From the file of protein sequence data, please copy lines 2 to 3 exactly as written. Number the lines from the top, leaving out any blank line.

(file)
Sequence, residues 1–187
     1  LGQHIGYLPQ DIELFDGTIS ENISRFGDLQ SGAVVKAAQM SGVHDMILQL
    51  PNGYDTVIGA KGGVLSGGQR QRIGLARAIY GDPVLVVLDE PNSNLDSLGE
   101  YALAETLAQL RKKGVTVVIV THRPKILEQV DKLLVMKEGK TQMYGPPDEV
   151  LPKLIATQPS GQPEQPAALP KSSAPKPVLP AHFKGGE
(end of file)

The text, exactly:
     1  LGQHIGYLPQ DIELFDGTIS ENISRFGDLQ SGAVVKAAQM SGVHDMILQL
    51  PNGYDTVIGA KGGVLSGGQR QRIGLARAIY GDPVLVVLDE PNSNLDSLGE